South Africa: In Competition Proceedings, Hasty Exception Applications May Be Futile

Last Updated: 15 October 2014
Article by Ryan Goodman and Michael Mbikiwa

On 3 September 2014, the Competition Tribunal (the "Tribunal") published the reasons for its decision to grant an exception application by Invensys plc, Invensys Systems (UK) Ltd and Eurotherm Ltd (collectively, "Invensys" or the "Invensys Group") in respect of the self-referral of a complaint by Protea Automation Solutions ("Protea"). The reasons restate a position that is very well known by competition practitioners: the Tribunal will, where possible, adopt a flexible approach to its processes, giving primacy to its inquisitorial powers and favouring considerations of fairness and flexibility over formalism.

The complaint has a long history; however, for present purposes, only the salient facts bear brief mention. The Invensys Group manages the international production, sales and distribution of various industrial automation and control system components, including through the "Eurotherm" and "Foxboro" brands. Until recently, the respondent, Protea, was – in terms of an exclusive distribution agreement with Invensys – the sole South African supplier of Eurotherm and Foxboro products.

The catalyst to the present litigation was the termination by Invensys on 1 March 2011 of its exclusive agreement with Protea and its subsequent decision to conclude a similar arrangement with EOH Mthombo – which is today the sole and exclusive distributor of Foxboro and Eurotherm products in South Africa. Accordingly, Protea is now able to obtain Foxboro and Eurotherm products only from EOH Mthombo, and not from Invensys directly.

Aggrieved by this state of affairs, Protea lodged a complaint with the Competition Commission (the "Commission") and, following the issuing of a notice of non-referral by the Commission, referred the complaint to the Tribunal itself under section 51(1) of the Competition Act, No. 89 of 1998 (as amended) (the "Competition Act"). In its complaint referral, Protea alleged that the arrangements between Invensys and EOH Mthombo, and between EOH Mthombo and itself, contravened the horizontal (section 4), vertical (section 5), abuse of dominance (section 8) and price discrimination (section 9) provisions of the Competition Act.

In its answer to the complaint, Invensys alleged as a "point in limine" (that is, a point taken at the outset of the suit) that the referral was fatally deficient for a variety of reasons. This kind of response, in which a respondent objects at the outset on the basis that a complainant's pleadings are legally deficient (because, for example, they fail to disclose a cause of action) is known as an exception. In this regard, Invensys argued that Protea had had ample opportunity to rectify the deficiencies in its pleadings, which included i) an erroneous reliance on the horizontal provisions in section 4 of the Competition Act (erroneous because Invensys and EOH Mthombo were not competitors of one another); ii) a failure to provide sufficient facts to support its claim that Invensys was dominant in any market; and iii) the misjoinder of the non-trading Invensys holding company.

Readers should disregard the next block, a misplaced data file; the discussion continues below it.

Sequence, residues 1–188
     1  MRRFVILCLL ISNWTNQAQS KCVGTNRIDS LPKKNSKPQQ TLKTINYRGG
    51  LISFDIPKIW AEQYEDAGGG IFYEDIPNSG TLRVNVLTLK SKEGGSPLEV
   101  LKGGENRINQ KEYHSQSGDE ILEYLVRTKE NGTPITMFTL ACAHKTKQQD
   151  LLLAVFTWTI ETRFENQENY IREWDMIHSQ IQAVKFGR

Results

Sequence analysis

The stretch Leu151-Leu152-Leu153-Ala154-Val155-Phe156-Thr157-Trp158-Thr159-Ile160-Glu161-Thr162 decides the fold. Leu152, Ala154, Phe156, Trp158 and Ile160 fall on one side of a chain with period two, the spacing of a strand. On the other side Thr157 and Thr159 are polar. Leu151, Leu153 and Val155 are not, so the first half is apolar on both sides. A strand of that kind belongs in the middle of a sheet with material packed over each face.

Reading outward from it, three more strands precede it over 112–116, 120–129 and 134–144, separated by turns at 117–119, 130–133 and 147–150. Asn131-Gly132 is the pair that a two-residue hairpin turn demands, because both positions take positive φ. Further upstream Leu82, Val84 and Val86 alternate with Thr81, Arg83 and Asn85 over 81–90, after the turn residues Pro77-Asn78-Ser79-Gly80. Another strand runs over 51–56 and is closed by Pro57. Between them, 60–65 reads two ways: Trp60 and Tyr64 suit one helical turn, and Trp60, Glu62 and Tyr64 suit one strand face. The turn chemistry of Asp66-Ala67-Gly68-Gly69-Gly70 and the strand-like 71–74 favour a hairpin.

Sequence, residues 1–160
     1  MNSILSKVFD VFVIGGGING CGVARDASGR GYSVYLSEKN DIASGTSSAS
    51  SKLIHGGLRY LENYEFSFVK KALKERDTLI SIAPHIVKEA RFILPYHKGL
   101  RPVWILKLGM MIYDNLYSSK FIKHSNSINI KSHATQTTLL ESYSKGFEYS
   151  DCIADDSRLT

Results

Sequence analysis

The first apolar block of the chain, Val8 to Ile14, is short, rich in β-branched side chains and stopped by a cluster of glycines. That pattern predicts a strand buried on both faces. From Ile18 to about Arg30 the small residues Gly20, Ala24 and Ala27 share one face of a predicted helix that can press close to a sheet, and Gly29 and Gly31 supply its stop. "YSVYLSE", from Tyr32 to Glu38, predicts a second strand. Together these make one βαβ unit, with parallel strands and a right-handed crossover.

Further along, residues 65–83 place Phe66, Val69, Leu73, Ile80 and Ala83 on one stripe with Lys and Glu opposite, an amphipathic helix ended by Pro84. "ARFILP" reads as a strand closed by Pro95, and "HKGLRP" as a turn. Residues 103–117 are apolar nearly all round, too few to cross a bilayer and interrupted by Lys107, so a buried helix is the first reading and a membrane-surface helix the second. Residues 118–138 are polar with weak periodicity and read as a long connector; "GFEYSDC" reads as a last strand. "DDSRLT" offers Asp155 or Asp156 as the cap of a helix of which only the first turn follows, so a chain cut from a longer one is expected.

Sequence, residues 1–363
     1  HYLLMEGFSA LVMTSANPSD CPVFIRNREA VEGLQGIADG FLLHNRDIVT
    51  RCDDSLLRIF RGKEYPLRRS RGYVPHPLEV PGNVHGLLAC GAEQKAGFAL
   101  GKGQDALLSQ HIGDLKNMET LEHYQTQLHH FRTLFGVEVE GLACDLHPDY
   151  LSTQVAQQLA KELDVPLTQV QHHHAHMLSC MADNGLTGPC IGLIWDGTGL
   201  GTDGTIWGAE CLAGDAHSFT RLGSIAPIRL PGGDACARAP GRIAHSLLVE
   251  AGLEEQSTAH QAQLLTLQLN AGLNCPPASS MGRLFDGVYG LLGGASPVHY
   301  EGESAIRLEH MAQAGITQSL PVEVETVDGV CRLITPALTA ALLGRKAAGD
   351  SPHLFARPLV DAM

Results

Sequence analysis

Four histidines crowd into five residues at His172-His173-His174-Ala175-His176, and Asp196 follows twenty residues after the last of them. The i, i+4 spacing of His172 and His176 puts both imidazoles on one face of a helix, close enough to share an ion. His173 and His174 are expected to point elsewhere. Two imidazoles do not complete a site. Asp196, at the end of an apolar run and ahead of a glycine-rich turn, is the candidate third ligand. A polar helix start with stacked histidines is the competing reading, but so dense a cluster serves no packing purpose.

Protea opposed the exception application on the basis that its referral reflected a prima facie case. Alternatively, it argued that even if the referral was indeed deficient, the appropriate remedy would be for it to be allowed to amend its referral rather than to dismiss its complaint.

In its reasons, the Tribunal provided a useful exposition of its general approach to exception applications. In this regard, there are three central considerations by which it is guided. First, complaint proceedings in the Tribunal are "sui generis" (of their own kind), meaning that they constitute a hybrid process, containing elements of civil motion and trial proceedings. Second, the subject matter of Tribunal proceedings lies at the intersection of law and economics, with the result that a particular set of facts can often reasonably be viewed through the lens of various sections of the Competition Act. Third, the Tribunal is endowed with a wide discretion, and its proceedings are inquisitorial and flexible rather than formalistic. Cumulatively, these considerations demand the adoption of a fact-specific and flexible stance.

That said, the Tribunal recognised that fairness requires respondent parties to be placed in a position where they know the case they are required to meet. In addition, it noted that exceptions are a useful means by which to expedite a trial through the clarification of issues between the parties. Importantly (and correctly, in our view), the Tribunal rejected an argument by Protea that the Constitutional Court decision in Competition Commission v Senwes established a precedent that a complainant's pleadings need not set out its entire case, which may be supplemented through subsequent witness statements. The Tribunal's proceedings may be inquisitorial and flexible, but a complainant is required to provide full particulars of the case it wishes to bring.

The default remedy for a successful exception application is for the Tribunal to grant the offending party an opportunity to amend its pleadings. By corollary, it is only in exceptional circumstances that the Tribunal will dismiss a case pursuant to an exception application. An example of a circumstance in which it will do so is where the exception concerns a pure point of law which might be determinative of the dispute, and which does not require in-depth factual analysis.

However, circumstances such as these are rare; in fact, as noted above, the Tribunal regards it as in the very nature of its proceedings that they comprise mixed questions of law and fact. And the present case did not deviate from that norm. Therefore, although it declared Protea's pleadings to be inadequate, the Tribunal ordered that the appropriate remedy was not to dismiss the referral outright, but instead to afford Protea the opportunity to amend its papers.